Recently, I saw a Facebook thread that was criticizing a popular strength coach for his methods. I happen to know this strength coach and appreciate his insight. This particular coach’s methods and opinions have been shaped by two solid decades of strength coaching and personal training experience. A cursory investigation of the individual that was the most vocal in his attacks revealed that he’d been lifting weights for just a couple of years and had zero experience in working with other individuals. I don’t like getting involved in social media debates as I feel that my time is better served elsewhere, so I stayed out of it. I was hoping that my colleague stepped in to defend himself, especially considering the fact that he was tagged in the thread, but he laid low. Here’s what I wanted him to say:
I love watching incredible feats of strength, whether they’re performed by men or women. This blogpost is a tribute to all of the hardworking women out there pulling off the unimaginable.
Here is Desiree Walker busting out 10 smooth muscle-ups with precision.
Here’s a young woman squatting 310 lbs (she says 300 but it was actually 310).
Here is Marisa Inda cranking out 8 pull-ups with 25 lbs of extra weight.
This is Elinor Medhammar cranking out 7 dips with 44 lbs of extra weight.
Cheryl Anderson weighs 97 lbs, and her she is pulling a 315 lb sumo deadlift.
Ladies and gentlemen, please allow me to introduce you to Roselyn Kennedy, a regular badass. Here’s how I came to learn about Roselyn. Last week, I was tagged in an Instagram post – I think it was her husband Frank who tagged me. Anyway, the video showcased Roselyn hip thrusting 500 lbs for 2 reps. Since Roselyn has some of the strongest glutes I’ve ever seen, I was curious to find out exactly how she trains. I decided to email her to inquire about her training, and we ended up exchanging several emails with one another.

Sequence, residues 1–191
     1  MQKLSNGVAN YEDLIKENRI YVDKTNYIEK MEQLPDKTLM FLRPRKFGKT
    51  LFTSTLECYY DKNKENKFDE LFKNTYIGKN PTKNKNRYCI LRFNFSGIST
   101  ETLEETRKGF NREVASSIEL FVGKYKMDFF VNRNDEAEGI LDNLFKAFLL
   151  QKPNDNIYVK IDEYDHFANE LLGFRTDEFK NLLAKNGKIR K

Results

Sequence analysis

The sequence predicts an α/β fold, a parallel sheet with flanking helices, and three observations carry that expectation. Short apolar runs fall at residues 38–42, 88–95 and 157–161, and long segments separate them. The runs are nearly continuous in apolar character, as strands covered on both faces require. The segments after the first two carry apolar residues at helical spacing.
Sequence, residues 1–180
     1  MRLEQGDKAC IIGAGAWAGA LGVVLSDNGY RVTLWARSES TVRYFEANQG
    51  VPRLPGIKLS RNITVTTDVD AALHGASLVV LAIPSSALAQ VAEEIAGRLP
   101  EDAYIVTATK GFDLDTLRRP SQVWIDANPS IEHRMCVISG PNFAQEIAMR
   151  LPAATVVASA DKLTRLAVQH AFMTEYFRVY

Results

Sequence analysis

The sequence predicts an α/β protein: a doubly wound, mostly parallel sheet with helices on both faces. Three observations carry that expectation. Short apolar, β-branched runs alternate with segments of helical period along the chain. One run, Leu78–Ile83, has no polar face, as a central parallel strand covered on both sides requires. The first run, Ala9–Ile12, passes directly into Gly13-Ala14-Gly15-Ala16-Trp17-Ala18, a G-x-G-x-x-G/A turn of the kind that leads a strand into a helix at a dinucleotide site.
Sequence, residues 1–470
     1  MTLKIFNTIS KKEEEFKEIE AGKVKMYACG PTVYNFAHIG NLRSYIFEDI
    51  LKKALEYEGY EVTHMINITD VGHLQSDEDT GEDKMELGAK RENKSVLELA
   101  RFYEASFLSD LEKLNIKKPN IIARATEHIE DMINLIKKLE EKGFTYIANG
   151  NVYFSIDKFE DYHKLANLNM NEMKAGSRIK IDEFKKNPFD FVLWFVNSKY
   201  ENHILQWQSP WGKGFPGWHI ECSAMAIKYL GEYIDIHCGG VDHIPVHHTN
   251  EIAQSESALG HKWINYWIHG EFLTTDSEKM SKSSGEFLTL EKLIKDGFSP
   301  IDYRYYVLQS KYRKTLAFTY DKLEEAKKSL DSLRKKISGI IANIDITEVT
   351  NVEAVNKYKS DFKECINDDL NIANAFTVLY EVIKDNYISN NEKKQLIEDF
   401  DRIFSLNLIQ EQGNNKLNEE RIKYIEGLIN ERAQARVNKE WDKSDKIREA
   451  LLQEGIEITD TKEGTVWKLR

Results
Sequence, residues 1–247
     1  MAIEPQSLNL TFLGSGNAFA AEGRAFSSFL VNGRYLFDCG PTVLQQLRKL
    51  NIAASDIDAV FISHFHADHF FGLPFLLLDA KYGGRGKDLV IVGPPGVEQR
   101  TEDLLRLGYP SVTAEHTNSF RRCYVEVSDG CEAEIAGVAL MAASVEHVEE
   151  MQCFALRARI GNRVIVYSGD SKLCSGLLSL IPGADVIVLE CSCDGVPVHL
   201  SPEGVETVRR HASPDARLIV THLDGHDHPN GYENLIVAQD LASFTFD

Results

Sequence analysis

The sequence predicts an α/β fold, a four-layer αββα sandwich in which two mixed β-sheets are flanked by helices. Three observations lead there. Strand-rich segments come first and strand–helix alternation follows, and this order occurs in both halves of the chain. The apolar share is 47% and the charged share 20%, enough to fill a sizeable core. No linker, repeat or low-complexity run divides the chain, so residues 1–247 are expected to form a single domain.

Roselyn and her husband Frank Kennedy own United Cross Training, a gym based in Sugar Land, Texas. She recently lost 23 lbs over a 9 month period, check out the results!
How to Maximize Concurrent Training
By Marc Lewis
Simultaneously training for adaptations associated with resistance and endurance training (RT & ET), otherwise known as concurrent training (CT), is widely debated by fitness professionals and strength coaches alike. CT has been criticized due to the potential for chronic overreaching, as well as the competing adaptations associated when performing RT and ET, concurrently. However if programmed carefully, CT can produce a lean and sculpted physique, while obtaining a high level of fitness as measured by health aspects as well as athletic parameters. Therefore, the purpose of this article is to elucidate the ways in which the adaptations associated with both RT and ET can be maximized when training concurrently.